Ex Libris Kirkland

Ex Libris Kirkland is my entirely self-centered way to keep track of what I read, what I like, and what I want to remember.


Recently Quoted

  • from 'Undated Lullaby'

    ...& your eyes,
    close them--make arrangements to hold
    yourself together, that will be needed, make of your compassion a
    crisper instrument, you will need its blade, you will need
    bitterness, stand here all you like looking in, you
    will need to learn
    to live in this prison
    of blood and breath...

    an excerpt from Sea Change, written by Jorie Graham in 2008

  • Then a miracle occurred in the form of a plate of sandwiches.
    Geryon took three and buried his mouth in a delicious block of white bread filled with tomatoes and butter and salt.
    He thought about how delicious it was, how he liked slippery foods, how slipperiness can be of different kinds.
    I am a philosopher of sandwiches, he decided. Things good on the inside.

    an excerpt from Autobiography of Red, written by Anne Carson in 1998

  • ...there it was one of those moments that is the opposite of blindness.

    an excerpt from Autobiography of Red, written by Anne Carson in 1998

Recently Noted

  • A really interesting magazine article that got stretched out to book length. But full of interesting stuff, all the same. I really loved thinking about - but not really believing - some of the ideas here. Like, before global reporting efforts (weatherwatchers mailed postcards in, and symbols literally pinned to a map), people didn't think of weather as a global system or even something you could conceptualize from above - but only local weather patterns that just appeared, locally, and didn't have meaningful connections with like, the weather in other places. A delightful idea, but... I kind of doubt this.

    an note about The Weather Machine, written by Andrew Blum in 2019

  • This is really an amazing, super clever puzzlebox murder mystery story. You wake up, you don't know who you are, you are in a decrepit manor house in a vaguely Downton Abbey setting, and you have to solve a murder to get out. You wake up again, and it's the same day, but you're in a different body.

    This has all the pleasures of an Agatha Christie-style murder mystery, AND a time travel story where your choices ripple out in unexpected directions. And really, it's a great premise that might get a bit thin, but the author keeps peeling back a layer and exposing that the gear mechanism you thought you were working with is a part of a larger mechanism.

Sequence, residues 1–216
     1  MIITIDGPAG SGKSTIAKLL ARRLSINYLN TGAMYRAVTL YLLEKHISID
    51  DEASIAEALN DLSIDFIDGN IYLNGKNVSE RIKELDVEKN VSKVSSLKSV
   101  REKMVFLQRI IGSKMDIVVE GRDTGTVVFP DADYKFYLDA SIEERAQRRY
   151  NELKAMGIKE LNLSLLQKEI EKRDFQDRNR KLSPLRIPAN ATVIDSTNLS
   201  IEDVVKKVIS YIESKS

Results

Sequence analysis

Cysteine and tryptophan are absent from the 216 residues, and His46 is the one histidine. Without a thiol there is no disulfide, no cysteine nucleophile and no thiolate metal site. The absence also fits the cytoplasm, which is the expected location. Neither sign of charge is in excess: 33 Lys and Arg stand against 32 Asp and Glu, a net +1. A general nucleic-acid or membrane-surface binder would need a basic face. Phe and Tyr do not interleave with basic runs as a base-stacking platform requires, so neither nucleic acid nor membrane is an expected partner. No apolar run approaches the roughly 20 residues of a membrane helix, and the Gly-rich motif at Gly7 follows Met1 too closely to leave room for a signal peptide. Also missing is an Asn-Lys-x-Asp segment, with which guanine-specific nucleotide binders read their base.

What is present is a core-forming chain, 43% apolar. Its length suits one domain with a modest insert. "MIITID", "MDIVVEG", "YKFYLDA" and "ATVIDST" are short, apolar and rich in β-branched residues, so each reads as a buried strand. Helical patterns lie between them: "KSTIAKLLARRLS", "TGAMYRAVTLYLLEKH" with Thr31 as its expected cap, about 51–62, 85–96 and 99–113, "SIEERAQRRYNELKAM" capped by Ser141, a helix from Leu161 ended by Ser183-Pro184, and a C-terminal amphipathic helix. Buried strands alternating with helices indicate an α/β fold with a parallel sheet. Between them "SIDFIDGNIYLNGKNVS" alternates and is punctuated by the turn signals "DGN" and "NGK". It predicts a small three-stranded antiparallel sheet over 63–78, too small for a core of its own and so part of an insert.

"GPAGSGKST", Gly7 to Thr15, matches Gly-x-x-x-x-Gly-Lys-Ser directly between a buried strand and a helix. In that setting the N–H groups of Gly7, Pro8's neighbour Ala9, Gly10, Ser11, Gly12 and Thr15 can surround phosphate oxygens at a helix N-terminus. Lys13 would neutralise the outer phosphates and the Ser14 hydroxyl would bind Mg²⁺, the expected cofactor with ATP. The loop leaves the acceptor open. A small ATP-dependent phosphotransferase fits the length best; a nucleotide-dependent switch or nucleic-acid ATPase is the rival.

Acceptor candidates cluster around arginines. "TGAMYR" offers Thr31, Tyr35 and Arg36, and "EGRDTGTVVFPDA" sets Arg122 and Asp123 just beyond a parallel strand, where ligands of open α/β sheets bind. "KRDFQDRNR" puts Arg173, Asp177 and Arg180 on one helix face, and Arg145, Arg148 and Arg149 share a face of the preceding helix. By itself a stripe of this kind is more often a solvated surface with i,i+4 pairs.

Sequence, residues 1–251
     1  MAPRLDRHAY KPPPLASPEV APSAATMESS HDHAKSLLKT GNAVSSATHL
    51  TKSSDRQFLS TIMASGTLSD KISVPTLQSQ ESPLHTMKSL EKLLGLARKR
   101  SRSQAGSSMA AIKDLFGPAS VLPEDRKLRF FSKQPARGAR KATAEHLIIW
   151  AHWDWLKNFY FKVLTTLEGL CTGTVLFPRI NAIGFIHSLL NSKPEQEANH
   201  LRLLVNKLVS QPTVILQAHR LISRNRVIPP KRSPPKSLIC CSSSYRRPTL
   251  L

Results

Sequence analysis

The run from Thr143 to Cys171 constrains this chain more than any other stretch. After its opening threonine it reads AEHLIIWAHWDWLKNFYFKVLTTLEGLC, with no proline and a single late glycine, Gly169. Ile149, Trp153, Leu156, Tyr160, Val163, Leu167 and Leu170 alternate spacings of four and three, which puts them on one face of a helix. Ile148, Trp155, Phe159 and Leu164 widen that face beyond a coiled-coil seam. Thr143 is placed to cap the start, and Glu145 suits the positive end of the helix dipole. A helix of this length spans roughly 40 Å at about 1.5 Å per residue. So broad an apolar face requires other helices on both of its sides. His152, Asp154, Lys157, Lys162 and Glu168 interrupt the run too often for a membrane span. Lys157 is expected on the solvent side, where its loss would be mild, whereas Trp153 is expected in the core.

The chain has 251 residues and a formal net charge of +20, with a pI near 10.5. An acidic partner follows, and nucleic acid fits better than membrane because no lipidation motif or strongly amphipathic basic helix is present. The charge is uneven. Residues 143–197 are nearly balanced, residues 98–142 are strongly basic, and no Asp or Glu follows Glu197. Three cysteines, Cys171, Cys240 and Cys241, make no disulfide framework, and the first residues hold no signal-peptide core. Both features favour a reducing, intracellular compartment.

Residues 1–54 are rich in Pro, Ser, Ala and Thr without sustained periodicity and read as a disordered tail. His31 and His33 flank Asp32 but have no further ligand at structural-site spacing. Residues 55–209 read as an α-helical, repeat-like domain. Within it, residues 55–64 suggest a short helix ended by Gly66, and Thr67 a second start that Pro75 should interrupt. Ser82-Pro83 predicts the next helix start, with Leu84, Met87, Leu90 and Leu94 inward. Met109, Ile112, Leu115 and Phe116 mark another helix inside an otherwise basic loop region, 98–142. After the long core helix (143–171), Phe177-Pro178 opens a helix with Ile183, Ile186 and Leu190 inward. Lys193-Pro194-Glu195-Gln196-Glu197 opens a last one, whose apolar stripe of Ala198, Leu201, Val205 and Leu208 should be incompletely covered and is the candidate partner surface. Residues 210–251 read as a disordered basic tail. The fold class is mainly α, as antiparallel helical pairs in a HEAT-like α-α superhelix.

It's also a kind of meta book: in the first section I spent quite a bit of time thinking about the story as being about the experiences of Author and Reader. That's clever and interesting, but could have worn thin for a long book, and it 100% did not.

    And the writing itself is pretty good! It's well done, there were a pile of clever metaphors (probably too many), the characterization is solid (which is super important for the story mechanism at use here). That also could have been a big risk for the audiobook, but the reader totally pulls this off without resorting to silly voices.

    I listened to this as an audiobook, and I was really surprised that despite the dry tone of the reader, this ended up as 17 hours of really compelling listening.

    an note about The 7 1/2 Deaths of Evelyn Hardcastle, written by Stuart Turton in 2018

  • This is a funny book in the guise of a nonfiction tome, in the vein of John Hodgman. But it's better! And I think mostly actually factual? I didn't check everything, but it's very entertaining while ALSO being chock full of amazing facts that make you want to read out loud to your spouse, who is falling asleep next to you and maybe doesn't care that all Haas avocados are direct descendents of a mysterious seed discovered in the 30s that nobody knows where it came from.

    an note about How to Invent Everything, written by Ryan North in 2018

Looking for more recent books? Check out the Personal Timeline.



Ex Libris Kirkland is a super-self-absorbed reading journal made by Matt Kirkland. Copyright © 2001 - .
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